I also did some rendering at the time but for that I needed patience:p
 
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You do know Bulldozer was the first iteration of that architecture and despite AMD admitting it was not what they expected, latest revisions are far from bad. There are countless users who love their FX-8150 or FX-8350 CPU's. Why? Because they are affordable and they still deliver a lot of grunt. You don't like AMD's current offering, fine. Me neither, why do you think I have Core i7 5820K in my system. But that doesn't mean I have to piss all over AMD because of it. They are in unfavorable position and Intel is pissing all over them the entire time in mostly questionable ways. I'm surprised they manage to deliver anything to be quite honest. But they are kicking and even if it's just 40% IPC over Bulldozer and they deliver it in a good package for a good price making it good value, that's great as well. I might not buy it, you might not buy it, but there will be people who will buy it just like there were people to buy FX-8150 and they still use them and like them.

1. Obviously you've not read the countless threads on Steam and other forums where even recent Bulldozer models are performing like shit in a lot of games, and nothing can save it from poor low thread performance. A LOT of games still are not even made for quad threading. It's not all AMD's fault, because clearly devs don't support their chips as well even in a lot of quad threaded games, but AMD kinda brought it on themselves by taking that floating module risk. There's such a small percentage of people using them compared to Intel, that a lot of devs likely don't even play test for Bulldozer.

2. Despite all your defense of AMD CPUs, you still admit you don't like their current offering either, and right after claiming their latest revisions of it perform fine. I'm sorry, but you just can't have it both ways. I'm willing to accept that you'd rather they be more successful for the sake of healthy competition, but that's not really the way you're presenting your argument. In fact, all you're really doing now is contradicting yourself.

3. Again, I'm not here to bash on AMD holistically like you're implying. In fact I've gone on record here many times mentioning that I'm one of the ones waiting to see how Zen will compare to Intel's performance and price before building my next rig, and Skylake's pretty much equal performance to Haswell is a big part of the reason for that, which I've also mentioned many times. Are you living under a rock, or just ignoring most of what I say here?

4. Let's get one thing straight though, a leap of 40% means nothing when you're comparing to same core count, and a design that was crap. If anything it only shows that AMD is FINALLY getting a clue, but it is probably too little too late to save them from always being under Intel's dominance from now on.

I'm also feeling now that 40% is likely best case scenario, and far from average performance gain. Their now saying "targeting" 40%, vs beforehand pretty much assuring it, makes that a bit obvious. Plus, as I also stated, it depends how well devs support AMD's CPUs. Intel obviously has a huge share of that market now. It remains to be seen how much if any Zen will change that.
 
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the 9590 is 32-60% slower per core (depending on the cpu bench) than the 4790k, not counting in the clock speed difference. It is clocked 17.5% higher at stock and 13.6% faster under turbo.

If zen hits 40% more performance per core it will still need insane clock speeds to keep up in cpu benches. However in gaming the difference is only 10-15% on average so even if 40% ipc only translates to a gaming boost of 5-7.5% at similar clocks, it still leaves the gap at 5-7.5% with room for overclocks to make up the rest. That should give enough incentive to budget minded gamers.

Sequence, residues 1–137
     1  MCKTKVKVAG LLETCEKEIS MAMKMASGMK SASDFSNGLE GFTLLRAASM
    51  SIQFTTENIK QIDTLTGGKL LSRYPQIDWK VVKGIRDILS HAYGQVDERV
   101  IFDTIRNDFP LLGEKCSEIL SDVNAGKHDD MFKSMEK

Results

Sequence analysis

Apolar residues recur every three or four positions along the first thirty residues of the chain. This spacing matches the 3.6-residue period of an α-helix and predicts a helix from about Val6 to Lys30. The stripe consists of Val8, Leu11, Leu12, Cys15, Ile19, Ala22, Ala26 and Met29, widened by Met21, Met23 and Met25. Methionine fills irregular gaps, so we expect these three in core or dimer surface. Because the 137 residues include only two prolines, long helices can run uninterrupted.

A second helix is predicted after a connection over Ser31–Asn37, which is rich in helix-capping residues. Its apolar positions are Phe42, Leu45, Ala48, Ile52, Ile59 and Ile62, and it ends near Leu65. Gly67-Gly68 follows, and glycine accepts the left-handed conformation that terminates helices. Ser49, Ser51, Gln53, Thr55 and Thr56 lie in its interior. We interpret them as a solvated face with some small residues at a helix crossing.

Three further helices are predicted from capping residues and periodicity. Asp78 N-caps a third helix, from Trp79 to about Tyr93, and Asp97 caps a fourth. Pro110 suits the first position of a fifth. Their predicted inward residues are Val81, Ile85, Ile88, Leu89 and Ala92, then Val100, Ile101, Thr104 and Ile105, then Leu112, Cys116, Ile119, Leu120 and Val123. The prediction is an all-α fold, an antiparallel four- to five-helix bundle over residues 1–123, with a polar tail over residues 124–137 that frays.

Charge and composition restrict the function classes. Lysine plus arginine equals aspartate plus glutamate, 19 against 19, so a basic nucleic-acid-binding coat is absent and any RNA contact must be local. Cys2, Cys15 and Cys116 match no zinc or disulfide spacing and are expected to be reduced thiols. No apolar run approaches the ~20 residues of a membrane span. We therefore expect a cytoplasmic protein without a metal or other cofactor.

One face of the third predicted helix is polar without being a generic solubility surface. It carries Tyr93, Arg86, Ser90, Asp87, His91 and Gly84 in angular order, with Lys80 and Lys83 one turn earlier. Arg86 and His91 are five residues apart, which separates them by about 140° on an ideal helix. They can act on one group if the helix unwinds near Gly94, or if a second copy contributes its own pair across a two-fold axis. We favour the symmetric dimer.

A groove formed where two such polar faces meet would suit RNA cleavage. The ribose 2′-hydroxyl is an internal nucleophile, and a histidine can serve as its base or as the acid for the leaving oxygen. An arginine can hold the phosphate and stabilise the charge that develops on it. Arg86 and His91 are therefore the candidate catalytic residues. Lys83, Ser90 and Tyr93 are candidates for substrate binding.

To me that is why there isn't a huge server push. Being so far behind in ipc for cpu intensive applications means they simply won't be able to compete with the xeons. However on the gaming front they are much closer and a decent boost plus an economical price is all that's needed to recapture a bit of market share in that area.
 
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1. Obviously you've not read the countless threads on Steam and other forums where even recent Bulldozer models are performing like shit in a lot of games, and nothing can save it from poor low thread performance. A LOT of games still are not even made for quad threading. It's not all AMD's fault, because clearly devs don't support their chips as well even in a lot of quad threaded games, but AMD kinda brought it on themselves by taking that floating module risk. There's such a small percentage of people using them compared to Intel, that a lot of devs likely don't even play test for Bulldozer.

2. Despite all your defense of AMD CPUs, you still admit you don't like their current offering either, and right after claiming their latest revisions of it perform fine. I'm sorry, but you just can't have it both ways. I'm willing to accept that you'd rather they be more successful for the sake of healthy competition, but that's not really the way you're presenting your argument. In fact, all you're really doing now is contradicting yourself.

3. Again, I'm not here to bash on AMD holistically like you're implying. In fact I've gone on record here many times mentioning that I'm one of the ones waiting to see how Zen will compare to Intel's performance and price before building my next rig, and Skylake's pretty much equal performance to Haswell is a big part of the reason for that, which I've also mentioned many times. Are you living under a rock, or just ignoring most of what I say here?

4. Let's get one thing straight though, a leap of 40% means nothing when you're comparing to same core count, and a design that was crap. If anything it only shows that AMD is FINALLY getting a clue, but it is probably too little too late to save them from always being under Intel's dominance from now on.

I'm also feeling now that 40% is likely best case scenario, and far from average performance gain. Their now saying "targeting" 40%, vs beforehand pretty much assuring it, makes that a bit obvious. Plus, as I also stated, it depends how well devs support AMD's CPUs. Intel obviously has a huge share of that market now. It remains to be seen how much if any Zen will change that.